Oxfam warned yesterday that 1.5 million people could die needlessly unless the military junta allowed immediate access to those stranded without food, clean water or medicines.

Oxfam's regional director for East Asia, Sarah Ireland, said: "In the Boxing Day tsunami, 250,000 people lost their lives in the first few hours, but we did not see an outbreak of disease because the host governments and the world mobilised a massive aid effort to prevent it happening. We have to do the same for the people of [Burma]."

But one official said that the junta, interested only in maintaining control, was acting to head off any demonstration of public anger, such as the pro-democracy demonstrations led by Buddhist monks in Rangoon last September. About 200 people were killed when the protests were put down. "They are not stupid," said the official. "They have done a pretty good job of trying to solve the problems [caused by the typhoon] in Rangoon as quickly as they can."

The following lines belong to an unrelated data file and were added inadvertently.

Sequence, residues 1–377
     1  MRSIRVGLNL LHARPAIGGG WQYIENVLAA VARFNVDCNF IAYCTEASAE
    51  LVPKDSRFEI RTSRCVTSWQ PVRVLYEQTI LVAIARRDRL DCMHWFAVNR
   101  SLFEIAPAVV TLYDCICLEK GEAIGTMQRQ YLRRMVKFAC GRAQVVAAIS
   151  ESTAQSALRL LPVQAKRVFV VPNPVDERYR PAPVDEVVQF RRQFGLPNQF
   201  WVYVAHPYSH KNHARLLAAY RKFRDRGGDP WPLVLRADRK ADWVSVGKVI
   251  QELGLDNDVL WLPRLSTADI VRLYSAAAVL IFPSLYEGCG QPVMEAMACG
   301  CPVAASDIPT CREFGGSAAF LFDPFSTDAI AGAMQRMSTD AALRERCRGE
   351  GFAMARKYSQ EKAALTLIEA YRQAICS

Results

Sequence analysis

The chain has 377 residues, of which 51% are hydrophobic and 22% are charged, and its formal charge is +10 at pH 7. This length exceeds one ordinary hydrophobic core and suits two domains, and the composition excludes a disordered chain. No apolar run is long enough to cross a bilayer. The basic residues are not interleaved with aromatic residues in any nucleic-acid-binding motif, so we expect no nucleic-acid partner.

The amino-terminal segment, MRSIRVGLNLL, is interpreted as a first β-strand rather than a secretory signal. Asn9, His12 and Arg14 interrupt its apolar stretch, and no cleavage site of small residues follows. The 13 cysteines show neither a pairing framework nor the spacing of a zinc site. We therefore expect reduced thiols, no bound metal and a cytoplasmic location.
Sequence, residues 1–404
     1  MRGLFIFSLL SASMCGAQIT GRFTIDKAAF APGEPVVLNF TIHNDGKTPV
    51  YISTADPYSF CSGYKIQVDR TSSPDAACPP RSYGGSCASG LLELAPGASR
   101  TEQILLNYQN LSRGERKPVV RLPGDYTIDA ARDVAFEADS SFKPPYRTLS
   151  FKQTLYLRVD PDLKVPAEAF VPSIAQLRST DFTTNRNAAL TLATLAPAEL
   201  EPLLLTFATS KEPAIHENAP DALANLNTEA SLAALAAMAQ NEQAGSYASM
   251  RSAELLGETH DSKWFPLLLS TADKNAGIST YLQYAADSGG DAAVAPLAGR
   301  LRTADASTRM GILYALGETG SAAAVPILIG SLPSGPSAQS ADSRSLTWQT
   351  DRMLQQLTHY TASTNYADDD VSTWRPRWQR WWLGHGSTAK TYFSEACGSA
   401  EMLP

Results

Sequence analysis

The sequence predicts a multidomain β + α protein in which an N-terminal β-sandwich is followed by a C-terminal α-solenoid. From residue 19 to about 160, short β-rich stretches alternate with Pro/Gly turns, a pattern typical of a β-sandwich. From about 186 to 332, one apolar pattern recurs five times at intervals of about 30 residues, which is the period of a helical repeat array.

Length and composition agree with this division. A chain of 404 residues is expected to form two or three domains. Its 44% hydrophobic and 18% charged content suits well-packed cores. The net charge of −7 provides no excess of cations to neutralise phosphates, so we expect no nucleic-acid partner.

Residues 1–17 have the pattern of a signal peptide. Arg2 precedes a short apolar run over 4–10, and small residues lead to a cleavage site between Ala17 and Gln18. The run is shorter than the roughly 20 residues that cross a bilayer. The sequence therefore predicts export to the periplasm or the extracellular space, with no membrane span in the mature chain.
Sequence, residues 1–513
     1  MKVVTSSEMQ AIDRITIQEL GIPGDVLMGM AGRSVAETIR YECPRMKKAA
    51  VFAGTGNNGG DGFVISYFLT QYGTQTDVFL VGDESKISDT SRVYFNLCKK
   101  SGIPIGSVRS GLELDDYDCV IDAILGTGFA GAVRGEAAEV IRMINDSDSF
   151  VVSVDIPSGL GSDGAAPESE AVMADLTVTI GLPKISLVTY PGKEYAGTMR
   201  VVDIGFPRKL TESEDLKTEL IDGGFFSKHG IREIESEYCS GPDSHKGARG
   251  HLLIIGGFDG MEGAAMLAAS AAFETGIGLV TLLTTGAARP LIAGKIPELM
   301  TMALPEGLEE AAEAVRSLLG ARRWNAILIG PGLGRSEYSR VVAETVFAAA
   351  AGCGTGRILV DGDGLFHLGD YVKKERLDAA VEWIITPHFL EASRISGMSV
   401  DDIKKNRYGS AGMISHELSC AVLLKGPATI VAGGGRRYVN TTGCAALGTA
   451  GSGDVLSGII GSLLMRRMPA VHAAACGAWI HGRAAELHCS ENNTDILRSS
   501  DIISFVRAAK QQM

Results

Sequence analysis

The regime's refusal to accept help from the West is undoubtedly linked to the sanctions imposed by the US and the EU against the country. While intended to isolate the junta, the impact of such sanctions is questionable, given that so many other countries in the region – notably China and India, which are keen to secure energy deals – are happy to support the regime.

The generals last made the mistake of allowing the population a free vote in 1990. The National League for Democracy (NLD) won by a landslide, so the junta ignored the result and put the NLD's leader, Aung San Suu Kyi under house arrest, where she has remained most of the time since. (Reports have indicated that she lost the roof of her house in the typhoon.)

For the last 14 years, the regime has worked on a new draft constitution, ignoring protests from the NLD and exiled activists that it was simply designed to cement their hold on power for another two decades. Yesterday was supposed to be the start of the "transition to democracy", and state television told Burmese citizens that it was their national duty to go out and vote. "Let's go voting" and "Come along for voting", five actresses sang to a jaunty tune.

Yet on a hot, humid day on which the golden stupas of Bago's pagodas glimmered and gleamed, there appeared little enthusiasm for voting – either for or against the regime. A polling centre in Bago appeared all but deserted, while in the nearby town of Hlegu one voter said: "I voted 'yes'. It was what I was asked to do."